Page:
The fun of Trade Deadline rumors, to me, is imagining big stars in uniforms they’ve never worn before. Mark McGwire in a Cardinals uniform? Randy Johnson as an Astro? Cliff Lee to the Phillies? Mark Teixeira to the Angels? CC Sabathia to the Brewers? A good Deadline deal makes your eyes pop a little bit. These teams are all trying to get better, but let’s not kid ourselves: The Star Factor matters.
There are many, many names being tossed around as we approach the July 30 Deadline, but not all of them have that wow effect, the ones who, if they were traded, you’d stand up and take full notice. Which ones have that effect? Here’s a ranking of the 10 biggest Wow Factor stars who could be dealt. It doesn’t mean they will be dealt: Some of these surely won’t. But these are the ones who would make the biggest headlines. Here are the ones who would create the most chaos.
Are the Nationals really going to do it? In a vacuum, it almost seems obvious: You’re in fourth place and five games out in the NL East — and even further back in the Wild Card race — four games under .500 and Scherzer is a free agent at the end of the year. Of course, he has a no-trade clause, but he could always tell the Nats, “Trade me to a contender, I can re-sign this winter and you can add more talent in the process. Win-win!”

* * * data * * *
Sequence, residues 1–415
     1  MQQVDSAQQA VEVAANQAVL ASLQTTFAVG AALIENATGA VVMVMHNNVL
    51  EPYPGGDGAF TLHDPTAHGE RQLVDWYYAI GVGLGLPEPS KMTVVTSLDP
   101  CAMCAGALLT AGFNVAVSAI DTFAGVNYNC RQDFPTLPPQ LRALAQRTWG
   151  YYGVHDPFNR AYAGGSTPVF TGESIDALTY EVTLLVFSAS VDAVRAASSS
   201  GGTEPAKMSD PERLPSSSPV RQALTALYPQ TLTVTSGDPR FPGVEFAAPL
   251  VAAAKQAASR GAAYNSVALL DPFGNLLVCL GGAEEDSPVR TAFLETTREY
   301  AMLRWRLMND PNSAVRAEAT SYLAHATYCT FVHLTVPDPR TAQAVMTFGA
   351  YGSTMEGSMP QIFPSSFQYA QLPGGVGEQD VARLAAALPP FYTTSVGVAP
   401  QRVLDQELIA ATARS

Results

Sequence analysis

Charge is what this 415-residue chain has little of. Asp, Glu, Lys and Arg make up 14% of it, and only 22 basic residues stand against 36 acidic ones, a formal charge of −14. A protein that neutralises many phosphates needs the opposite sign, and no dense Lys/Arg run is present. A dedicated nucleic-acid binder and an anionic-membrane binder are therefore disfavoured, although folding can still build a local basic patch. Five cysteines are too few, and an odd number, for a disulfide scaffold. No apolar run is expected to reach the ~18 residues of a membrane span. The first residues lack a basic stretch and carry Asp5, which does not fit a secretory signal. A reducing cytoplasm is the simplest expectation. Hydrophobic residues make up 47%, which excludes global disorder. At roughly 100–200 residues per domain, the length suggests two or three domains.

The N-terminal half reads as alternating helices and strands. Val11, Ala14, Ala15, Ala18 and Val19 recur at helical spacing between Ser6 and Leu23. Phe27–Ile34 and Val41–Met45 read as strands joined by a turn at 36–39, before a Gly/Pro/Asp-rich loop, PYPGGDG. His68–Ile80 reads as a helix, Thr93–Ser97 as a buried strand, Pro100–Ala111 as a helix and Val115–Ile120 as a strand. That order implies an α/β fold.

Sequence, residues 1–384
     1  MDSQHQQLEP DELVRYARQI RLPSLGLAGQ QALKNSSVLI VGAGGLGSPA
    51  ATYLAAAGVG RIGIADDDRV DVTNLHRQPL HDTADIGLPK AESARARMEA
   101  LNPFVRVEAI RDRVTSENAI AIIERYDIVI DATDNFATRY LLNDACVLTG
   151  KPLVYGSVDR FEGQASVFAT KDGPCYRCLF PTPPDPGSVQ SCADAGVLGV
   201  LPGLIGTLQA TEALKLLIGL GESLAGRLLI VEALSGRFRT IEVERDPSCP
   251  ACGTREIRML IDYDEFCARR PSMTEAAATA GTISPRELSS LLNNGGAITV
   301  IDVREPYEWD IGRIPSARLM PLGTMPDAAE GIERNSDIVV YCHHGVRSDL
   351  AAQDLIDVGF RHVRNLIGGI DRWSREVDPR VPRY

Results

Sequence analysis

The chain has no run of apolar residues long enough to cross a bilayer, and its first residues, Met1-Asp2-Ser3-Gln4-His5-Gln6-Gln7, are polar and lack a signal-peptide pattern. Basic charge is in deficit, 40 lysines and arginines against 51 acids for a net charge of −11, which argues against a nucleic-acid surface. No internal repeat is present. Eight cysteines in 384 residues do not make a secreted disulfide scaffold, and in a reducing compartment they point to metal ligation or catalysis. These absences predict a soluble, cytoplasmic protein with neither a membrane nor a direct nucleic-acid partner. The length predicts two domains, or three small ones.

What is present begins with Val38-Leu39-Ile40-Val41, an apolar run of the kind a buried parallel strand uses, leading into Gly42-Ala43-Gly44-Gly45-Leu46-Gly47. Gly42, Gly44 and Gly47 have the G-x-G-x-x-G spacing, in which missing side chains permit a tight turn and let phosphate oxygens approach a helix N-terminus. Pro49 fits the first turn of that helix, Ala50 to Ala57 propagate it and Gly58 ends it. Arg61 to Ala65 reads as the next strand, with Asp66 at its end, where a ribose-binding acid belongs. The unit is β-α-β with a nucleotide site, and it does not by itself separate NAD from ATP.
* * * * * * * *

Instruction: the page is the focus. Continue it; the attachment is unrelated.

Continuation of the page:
All that said … the thing about trading away a three-time Cy Young Award winner with a 2.83 ERA, one who’s one of the most recognizable (and intimidating) players in the game, is that it makes a big statement if you do it … a statement perhaps your organization isn’t ready to make. Scherzer instantly makes any team dramatically more formidable in the postseason: Acquiring him is a clear sign that you are trying to win it all, this year, right now.
Bryant was the 2016 NL MVP, a four-time All-Star and, oh yeah, he’s the guy who fielded the ball that led to the Cubs winning the World Series for the first time in more than 100 years. You tend to remember guys who do that. He’s also having an excellent year, and considering the frustration he’s had with his organization over the years, he’s highly unlikely to re-sign this offseason. Bryant’s an instant big bat and one who can play several positions. He’s the best hitter available and an upgrade to any team in the sport. It will be really weird to see him in a uniform that’s not a Cubs uniform, but that’s how this works, after all. And he’s hardly the only one in that regard.
Gallo is having a terrific season, both at the plate and in the field, and he also is signed through the 2022 season, which gives the Rangers more incentive to trade him … if they can’t sign him to an extension. He’s a logical fit for the Yankees, if New York is going to floor it like that, and he’d instantly change the dynamic of that team. But he’d do that for lots of teams. And if you haven’t been watching Rangers games the past few years, you might not realize just what this guy is capable of.